Packed with diagrams, illustrations and timelines, this accessible overview unlocks the storyline of the whole Bible.
Part of the Accessible Theology series.
Sometimes it’s hard to see the wood for the trees. Running through the many gripping and memorable stories the Bible contains is one big story of God’s plan for the world he made, and how he brought it about through Jesus Christ.
Packed with diagrams, illustrations and timelines, this accessible Bible overview unlocks the storyline of the whole Bible – how God promised and then brought about the plan to save our fallen world. But this is no book of arid theological ideas. It is a story that will encourage effective, active Christian living in today's world.
Looking at God's covenantal promises with Abraham, Moses and David, Tim Chester presents the 'big picture'’ of the Bible and helps Christians understand the part in relation to the whole. From Creation to New Creation traces different elements of the promise and introduces:
• A people: God's promise to save a people who will be His people
• A land: God's promise to provide a place of blessing
• A king: God's promise to re-establish his rule of freedom and peace
• The nations: God's promise to bring his salvation to all the peoples of the world
1. The Story of the Promise of Salvation
2. The Promise of a People who know God
3. The Promise of a Place of Blessing
4. The Promise of a King and a Kingdom
5. The Promise of Blessing to the Nations
6. Conclusion: Blessing and Curse
|5" x 7.8" x 0.6"
|The Good Book Company
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Endorsement written for From Creation to New Creation (ebook)
Ever wondered how the whole Bible fits together? Here is the help you need. This easy-to-read book has great diagrams that shows how God's promises unfold and how they apply to us - the way you read the Bible will never be quite the same again.
Endorsement written for Delighting in the Trinity
Is it really possible to say so much in just a few pages? These two books by Tim Chester pack an enormous amount of theological thinking into a remarkable economy of pages. I commend these books as worthy additions to your library.
I was assigned this book to read at Seminary, it was by far the best book I read for my Old Testament survey class. I really appreciated how it connected the dots of the Bible story for me. I really recommend it for anybody who wants to understand the Bible better. This book is weapon against Satan so arm up, it’s worth the read.
This helpful book traces four aspects of God's promise to Abraham: a people who know God, a place of blessing, a King and a kingdom, and a blessing to the nations. By four quick journeys through the whole of the Bible, each chapter reinforces the perhaps familiar but clear outline of 'the story of the promise of salvation' given in the first chapter. Simple enough for someone new to biblical theology, but meaty enough for training others to teach an overview of the Bible's message fulfilled in Jesus. I've given copies to preachers and pastors I've trained in the Majority world, and will continue to do so.
The concept of the Bible as story is a popular one these days. With the publication of The Jesus Storybook Bible, The Big Picture Story Bible, and others like it, parents and grandparents are seeing the cloud of confusion surrounding the cohesion of the Bible begin to lift as they read aloud. Books of this nature geared toward adults are getting attention. Graeme Goldsworthy’s book, According to Plan (written on this subject in 1991 before it was popular), is gaining a new audience and D.A. Carson’s The God Who is There comes at concept from a fresh angle by drawing the reading to think about his/her place in God’s story.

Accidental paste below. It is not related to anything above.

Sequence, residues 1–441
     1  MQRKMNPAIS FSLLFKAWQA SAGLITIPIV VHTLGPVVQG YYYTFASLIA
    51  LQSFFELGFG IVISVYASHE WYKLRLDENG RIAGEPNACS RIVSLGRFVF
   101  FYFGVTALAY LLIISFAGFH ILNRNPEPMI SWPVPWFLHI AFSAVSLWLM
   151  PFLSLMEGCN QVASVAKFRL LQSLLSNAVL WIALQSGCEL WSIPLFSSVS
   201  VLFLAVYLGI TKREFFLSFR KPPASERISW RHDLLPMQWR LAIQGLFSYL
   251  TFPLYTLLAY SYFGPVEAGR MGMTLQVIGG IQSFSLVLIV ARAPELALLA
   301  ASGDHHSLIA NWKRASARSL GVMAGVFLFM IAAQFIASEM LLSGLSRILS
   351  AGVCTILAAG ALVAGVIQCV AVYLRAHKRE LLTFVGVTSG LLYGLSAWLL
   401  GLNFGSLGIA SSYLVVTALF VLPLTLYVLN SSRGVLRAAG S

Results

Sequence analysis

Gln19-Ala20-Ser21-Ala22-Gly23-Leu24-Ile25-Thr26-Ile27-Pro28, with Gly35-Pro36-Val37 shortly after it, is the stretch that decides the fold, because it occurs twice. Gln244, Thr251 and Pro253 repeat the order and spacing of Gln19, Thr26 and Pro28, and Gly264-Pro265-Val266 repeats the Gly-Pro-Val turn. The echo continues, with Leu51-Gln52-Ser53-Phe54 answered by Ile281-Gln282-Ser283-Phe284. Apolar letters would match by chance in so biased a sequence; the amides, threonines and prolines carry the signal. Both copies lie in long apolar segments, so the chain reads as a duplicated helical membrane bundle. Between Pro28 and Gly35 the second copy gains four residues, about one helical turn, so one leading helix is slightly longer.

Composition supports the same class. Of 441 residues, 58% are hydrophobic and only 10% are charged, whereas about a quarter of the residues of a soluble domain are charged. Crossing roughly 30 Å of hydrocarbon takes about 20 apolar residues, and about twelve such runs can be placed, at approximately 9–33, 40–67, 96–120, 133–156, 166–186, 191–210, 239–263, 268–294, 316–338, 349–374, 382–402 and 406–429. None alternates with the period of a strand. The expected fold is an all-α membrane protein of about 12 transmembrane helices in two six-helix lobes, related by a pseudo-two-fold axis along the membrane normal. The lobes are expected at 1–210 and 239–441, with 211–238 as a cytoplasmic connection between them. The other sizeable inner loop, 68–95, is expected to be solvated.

Of the books stacking up on the subject, few will have heard of Tim Chester’s From Creation to New Creation. This is an unfortunate reality, for it may well be the most useful one to date. What do I mean? While Carson’s book makes for an engaging read, sometimes leading one to forget he’s reading theology, Chester’s book reads more like a syllabus or a manual for understanding the storyline of the Bible. The strength of this approach is in its organization and search-ability. I enjoyed Carson’s book, but unless I can commit to reading it all the way through again, I’m not sure how often I’ll pick it up. This book, however, makes it easy to pop into a specific motif in the story and get the basic information you need without a lot of sifting.
Chester follows the motifs of a people who know God, a place of blessing, a King and a kingdom, and blessing to the nations and brings them all together under the umbrella of God’s promise fulfilled in Christ. While not afraid to quote much Scripture, and often longer passages, Chester acts as a guide to the reader, making comments on important texts that highlight these different themes.
As I did, many readers will also appreciate Chester’s helpful diagrams and his straight-forward, no fluff writing style, but there’s one thing that would have topped things off nicely: a conclusion that summarizes the content of the book and shows the cohesiveness of the story themes. The book ended a bit abruptly and I found myself craving a reminder.
What I love about Chester’s book is that it’s great for getting the information. If you need information to be a bit more seasoned for the sake of palatability, you may want to choose another book like Carson’s. But for teachers who need user-friendly resources for study and anyone who appreciates simplicity and succinctness, I highly recommend it.